The number of colorectal cancer cases in people aged 50 and older has fallen. Unfortunately, researchers are reporting that the number of cases among people aged 20-49 has risen. They estimate that this rate is set to increase further over the next 15 years.

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Colorectal cancer, also known as bowel cancer, refers to any cancerous growth, lump or tumor of the colon or rectum.

The decline in colorectal cancer (CRC) cases among older adults has partly been attributed to an increase in colonoscopy screening, recommended for all adults aged 50 and older. Between 1998 and 2006, CRC incidence fell each year by 3% in men and 2.4% in women.

Patients younger than 50, conversely, are not recommended for general screening, and it is in this group that incidence rates are increasing. Not only this, but previous studies indicate that these patients are more likely to present advanced forms of CRC, making treatment of the disease much more difficult and reducing the likelihood of positive outcomes.

CRC is the third most common cancer in the US. In 2013, an estimated 142,820 new cases were reported, along with approximately 50,830 deaths attributed to the disease.

Researchers from the University of Texas MD Anderson Cancer Center in Houston, TX, utilized data from the Surveillance, Epidemiology and End Results (SEER) CRC registry in order to assess the age disparities seemingly present in CRC cases. Specifically, the team obtained data for all patients who had been diagnosed with colon or rectal cancer, from 1975-2010.

They found that the overall rate of CRC incidence had declined by 0.92% between 1975 and 2010 – by 1.03% in men and 0.91% in women. The reduction was most significant in patients aged 75 and above, declining by 1.15%, compared with a decline of 0.97% in patients aged 50-74.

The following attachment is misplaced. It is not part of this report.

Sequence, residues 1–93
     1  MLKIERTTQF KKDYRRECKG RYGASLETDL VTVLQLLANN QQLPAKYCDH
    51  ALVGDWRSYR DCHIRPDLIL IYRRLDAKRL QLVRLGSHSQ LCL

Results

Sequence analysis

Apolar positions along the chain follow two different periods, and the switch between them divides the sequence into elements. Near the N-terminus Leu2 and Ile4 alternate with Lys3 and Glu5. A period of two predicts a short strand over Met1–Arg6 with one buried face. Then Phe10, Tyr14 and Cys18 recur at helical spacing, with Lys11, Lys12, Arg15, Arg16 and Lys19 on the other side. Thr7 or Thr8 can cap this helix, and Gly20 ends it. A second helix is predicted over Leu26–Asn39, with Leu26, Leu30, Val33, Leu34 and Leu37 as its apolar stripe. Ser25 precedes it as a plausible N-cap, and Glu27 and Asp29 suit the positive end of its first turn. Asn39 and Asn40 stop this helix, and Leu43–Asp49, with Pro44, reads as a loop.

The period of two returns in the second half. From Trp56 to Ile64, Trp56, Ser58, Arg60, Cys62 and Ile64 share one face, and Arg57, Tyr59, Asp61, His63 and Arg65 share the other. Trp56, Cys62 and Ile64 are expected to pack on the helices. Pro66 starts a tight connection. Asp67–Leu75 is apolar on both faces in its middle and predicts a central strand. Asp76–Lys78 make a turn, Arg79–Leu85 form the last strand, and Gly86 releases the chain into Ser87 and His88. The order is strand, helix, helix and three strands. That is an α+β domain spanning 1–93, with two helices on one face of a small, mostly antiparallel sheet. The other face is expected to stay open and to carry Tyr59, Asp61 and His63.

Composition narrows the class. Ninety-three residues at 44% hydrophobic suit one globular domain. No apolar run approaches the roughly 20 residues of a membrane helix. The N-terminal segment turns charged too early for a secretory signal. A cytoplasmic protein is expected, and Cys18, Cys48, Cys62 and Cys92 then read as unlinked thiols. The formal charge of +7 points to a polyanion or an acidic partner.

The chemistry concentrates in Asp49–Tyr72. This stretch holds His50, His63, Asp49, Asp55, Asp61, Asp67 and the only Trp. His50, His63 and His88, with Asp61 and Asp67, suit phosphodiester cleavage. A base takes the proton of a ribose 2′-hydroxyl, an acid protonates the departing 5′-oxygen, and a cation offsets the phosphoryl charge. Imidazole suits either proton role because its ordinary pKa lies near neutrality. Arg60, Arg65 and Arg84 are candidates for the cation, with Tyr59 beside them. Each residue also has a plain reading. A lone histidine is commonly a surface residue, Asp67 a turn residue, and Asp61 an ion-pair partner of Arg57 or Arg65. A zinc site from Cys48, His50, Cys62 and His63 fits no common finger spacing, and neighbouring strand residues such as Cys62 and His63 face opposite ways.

In contrast, CRC incidence rates increased among patients aged 20-49. The increase was 1.99% in patients aged 20-34 and 0.41% in patients aged 35-49.

From their findings, the researchers estimate the following increases in the incidence rates for colon cancer and rectosigmoid and rectal cancer for patients aged 20-34 years:

By 2020:

  • Colon cancer – 37.8%
  • Rectosigmoid and rectal cancers – 49.7%.

By 2030:

  • Colon cancer – 90%
  • Rectosigmoid and rectal cancers – 124.2%.

Conversely, the researchers estimate that by 2030, incidence rates among patients over 50 for colon, rectosigmoid and rectal cancers will fall by around 41%.

“The increasing incidence of CRC among young adults is concerning and highlights the need to investigate potential causes and external influences such as lack of screening and behavioral factors,” write the authors of the study, published in JAMA Surgery.

Along with an absence of screening protocol, certain behavioral factors have been identified as risk factors for the development of CRC; physical inactivity, obesity and poor diet could all be targeted as a way of improving overall health as well as reducing the risk of CRC.

Dr. Kiran K. Turaga, of the Medical College of Wisconsin-Milwaukee, describes the findings of the report as “rather unsettling.” In a related commentary, Dr. Turaga suggests that further research should be conducted to investigate why this increasing incidence may be occurring:

[This] report should stimulate opportunities for development of better risk-prediction tools that might help us identify these individuals early and initiate better screening/prevention strategies. The use of stool DNA, genomic profiling and mathematical modeling might all be tools in the armamentarium of the oncologist in the near future.”

Recently, Medical News Today reported on research revealing that a combination of multiple healthy behaviors can reduce the risk of colorectal cancer.